Campus Units

Natural Resource Ecology and Management

Document Type

Article

Publication Version

Published Version

Publication Date

2015

Journal or Book Title

Journal of Wildlife Diseases

Volume

51

Issue

2

First Page

332

Last Page

340

DOI

10.7589/2014-06-148

Abstract

The meningeal worm (Parelaphostrongylus tenuis) is a nematode parasite that commonly infects white-tailed deer (Odocoileus virginianus; WTD) throughout the deciduous forest biome and deciduous-coniferous ecotone of eastern and central North America; the species is not known to occur west of the grassland biome of central North America. We used county-specific prevalence data to evaluate potential effects of landscape and climatologic factors on the spatial distribution of meningeal worm infection in South Dakota, US. Probability of infection increased 4-fold between eastern and western South Dakota and 1.3-fold for each 1-cm increase in summer precipitation. Sixty-three percent of WTD had only a single worm in the cranium. Expansion of meningeal worm infection across western South Dakota may be inherently low due to the combined effects of arid climate and potential attributes of the Missouri River that limit regional movements by infected WTD. Use of landscape genetic analyses to identify potential relationships between landscape features and population genetic structure of infected deer and parasites may contribute to a greater understanding of regional heterogeneity in meningeal worm infection rates across South Dakota, particularly in counties adjacent to the Missouri River. Future research evaluating heterogeneity in prevalence and intensity of infection between fawn and yearling deer, and the potential role of yearling male deer as dispersal agents of meningeal worms across the Missouri River, also is warranted.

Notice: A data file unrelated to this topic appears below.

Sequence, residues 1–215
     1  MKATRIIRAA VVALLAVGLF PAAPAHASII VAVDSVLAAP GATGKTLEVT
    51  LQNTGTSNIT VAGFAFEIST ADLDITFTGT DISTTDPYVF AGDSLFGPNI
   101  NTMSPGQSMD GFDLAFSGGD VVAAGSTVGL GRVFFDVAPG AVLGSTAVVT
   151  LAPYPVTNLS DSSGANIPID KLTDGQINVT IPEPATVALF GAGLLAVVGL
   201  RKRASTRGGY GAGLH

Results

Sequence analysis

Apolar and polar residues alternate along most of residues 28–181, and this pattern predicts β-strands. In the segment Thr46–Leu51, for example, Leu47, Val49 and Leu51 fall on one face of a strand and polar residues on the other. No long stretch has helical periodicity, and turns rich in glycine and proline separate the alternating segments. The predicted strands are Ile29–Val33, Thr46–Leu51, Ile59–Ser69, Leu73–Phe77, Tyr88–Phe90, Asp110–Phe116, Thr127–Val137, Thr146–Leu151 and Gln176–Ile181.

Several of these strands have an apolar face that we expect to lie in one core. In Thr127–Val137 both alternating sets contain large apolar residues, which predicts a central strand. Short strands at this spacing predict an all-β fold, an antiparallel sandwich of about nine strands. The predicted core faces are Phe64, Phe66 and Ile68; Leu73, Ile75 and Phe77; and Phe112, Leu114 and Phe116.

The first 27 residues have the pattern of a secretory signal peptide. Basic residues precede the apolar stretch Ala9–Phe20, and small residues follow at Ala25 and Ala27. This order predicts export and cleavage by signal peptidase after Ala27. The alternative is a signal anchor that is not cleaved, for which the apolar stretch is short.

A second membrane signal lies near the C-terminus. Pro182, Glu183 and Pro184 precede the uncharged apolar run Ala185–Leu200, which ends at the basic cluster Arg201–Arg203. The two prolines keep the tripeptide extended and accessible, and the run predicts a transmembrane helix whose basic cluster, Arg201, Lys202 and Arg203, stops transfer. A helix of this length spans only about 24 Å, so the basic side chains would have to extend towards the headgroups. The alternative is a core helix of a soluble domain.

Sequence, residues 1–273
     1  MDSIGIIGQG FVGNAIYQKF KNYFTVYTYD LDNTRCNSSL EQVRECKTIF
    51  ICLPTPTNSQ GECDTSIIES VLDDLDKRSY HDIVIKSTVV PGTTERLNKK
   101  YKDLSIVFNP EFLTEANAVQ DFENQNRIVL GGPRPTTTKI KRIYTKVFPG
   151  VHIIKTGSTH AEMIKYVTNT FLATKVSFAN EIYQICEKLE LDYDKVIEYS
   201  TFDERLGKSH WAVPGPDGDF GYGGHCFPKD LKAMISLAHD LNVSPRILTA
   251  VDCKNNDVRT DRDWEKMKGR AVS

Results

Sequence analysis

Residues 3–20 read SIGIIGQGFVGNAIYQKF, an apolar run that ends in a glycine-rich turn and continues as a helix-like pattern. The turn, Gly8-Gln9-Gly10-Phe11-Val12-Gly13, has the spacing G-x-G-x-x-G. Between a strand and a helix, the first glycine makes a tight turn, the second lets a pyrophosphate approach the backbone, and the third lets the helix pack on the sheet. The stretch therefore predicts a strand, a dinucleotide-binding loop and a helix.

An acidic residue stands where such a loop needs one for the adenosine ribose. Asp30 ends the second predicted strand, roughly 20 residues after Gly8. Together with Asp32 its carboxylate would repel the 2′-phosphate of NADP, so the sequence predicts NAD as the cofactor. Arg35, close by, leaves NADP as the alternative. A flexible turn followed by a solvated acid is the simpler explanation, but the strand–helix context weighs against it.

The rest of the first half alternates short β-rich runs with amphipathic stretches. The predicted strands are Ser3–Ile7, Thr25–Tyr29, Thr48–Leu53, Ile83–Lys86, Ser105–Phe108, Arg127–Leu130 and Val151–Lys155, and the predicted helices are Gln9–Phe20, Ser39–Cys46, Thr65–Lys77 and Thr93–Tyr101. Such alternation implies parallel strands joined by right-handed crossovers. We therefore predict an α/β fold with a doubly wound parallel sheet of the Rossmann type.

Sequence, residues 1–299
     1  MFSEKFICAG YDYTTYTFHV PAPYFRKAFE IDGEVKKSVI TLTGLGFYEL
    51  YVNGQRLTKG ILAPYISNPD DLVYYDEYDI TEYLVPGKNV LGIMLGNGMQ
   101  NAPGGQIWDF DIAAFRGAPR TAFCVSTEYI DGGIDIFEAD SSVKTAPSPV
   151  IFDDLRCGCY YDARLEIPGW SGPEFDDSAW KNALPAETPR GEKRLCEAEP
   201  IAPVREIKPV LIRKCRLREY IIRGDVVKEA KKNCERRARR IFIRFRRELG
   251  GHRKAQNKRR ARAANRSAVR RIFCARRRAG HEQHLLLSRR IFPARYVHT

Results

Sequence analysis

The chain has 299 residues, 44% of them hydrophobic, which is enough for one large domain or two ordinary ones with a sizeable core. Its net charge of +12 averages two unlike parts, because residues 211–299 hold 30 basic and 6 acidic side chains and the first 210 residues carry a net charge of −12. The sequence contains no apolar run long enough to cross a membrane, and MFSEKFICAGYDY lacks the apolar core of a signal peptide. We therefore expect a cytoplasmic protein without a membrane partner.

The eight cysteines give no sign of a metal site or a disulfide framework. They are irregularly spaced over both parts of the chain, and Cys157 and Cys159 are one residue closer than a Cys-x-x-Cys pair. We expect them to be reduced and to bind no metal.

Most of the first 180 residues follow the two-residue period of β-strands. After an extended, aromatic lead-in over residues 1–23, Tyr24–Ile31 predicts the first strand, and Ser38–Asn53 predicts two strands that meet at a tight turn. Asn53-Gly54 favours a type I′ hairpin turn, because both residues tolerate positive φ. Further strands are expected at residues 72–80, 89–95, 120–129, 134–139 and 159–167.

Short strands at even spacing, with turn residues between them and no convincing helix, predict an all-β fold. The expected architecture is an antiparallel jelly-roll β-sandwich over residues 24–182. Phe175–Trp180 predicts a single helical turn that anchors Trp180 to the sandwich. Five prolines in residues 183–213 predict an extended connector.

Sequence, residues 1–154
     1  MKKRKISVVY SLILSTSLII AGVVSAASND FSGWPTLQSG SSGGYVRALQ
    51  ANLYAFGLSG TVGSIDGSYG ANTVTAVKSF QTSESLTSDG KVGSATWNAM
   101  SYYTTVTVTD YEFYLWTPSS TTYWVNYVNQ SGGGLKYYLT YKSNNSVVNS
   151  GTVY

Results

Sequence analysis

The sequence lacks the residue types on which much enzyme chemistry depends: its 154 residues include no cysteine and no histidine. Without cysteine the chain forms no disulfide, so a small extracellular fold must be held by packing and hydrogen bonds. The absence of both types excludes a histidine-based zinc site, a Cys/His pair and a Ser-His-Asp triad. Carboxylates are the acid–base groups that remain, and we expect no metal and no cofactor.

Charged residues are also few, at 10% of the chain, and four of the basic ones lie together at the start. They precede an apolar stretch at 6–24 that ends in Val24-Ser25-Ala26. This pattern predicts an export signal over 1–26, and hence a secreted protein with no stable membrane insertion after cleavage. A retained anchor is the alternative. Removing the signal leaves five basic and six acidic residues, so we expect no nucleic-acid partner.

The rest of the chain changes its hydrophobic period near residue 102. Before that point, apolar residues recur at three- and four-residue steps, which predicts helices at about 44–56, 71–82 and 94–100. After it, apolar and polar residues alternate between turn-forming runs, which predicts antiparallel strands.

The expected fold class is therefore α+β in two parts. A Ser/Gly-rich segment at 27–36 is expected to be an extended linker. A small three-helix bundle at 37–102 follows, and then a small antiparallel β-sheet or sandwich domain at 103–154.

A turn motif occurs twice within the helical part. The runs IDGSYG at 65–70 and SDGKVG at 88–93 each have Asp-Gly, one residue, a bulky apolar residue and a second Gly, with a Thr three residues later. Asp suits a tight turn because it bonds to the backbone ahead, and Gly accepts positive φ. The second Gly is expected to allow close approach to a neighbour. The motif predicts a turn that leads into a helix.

Comments

This article is published as Jacques, Christopher N., Jonathan A. Jenks, Troy W. Grovenburg, Robert W. Klaver, and Shelli A. Dubay. "Influence of ecologic factors on prevalence of meningeal worm (Parelaphostrongylus tenuis) infection in South Dakota, USA." Journal of wildlife diseases 51, no. 2 (2015): 332-340, doi: 10.7589/2014-06-148.

Rights

Works produced by employees of the U.S. Government as part of their official duties are not copyrighted within the U.S. The content of this document is not copyrighted.

Language

en

File Format

application/pdf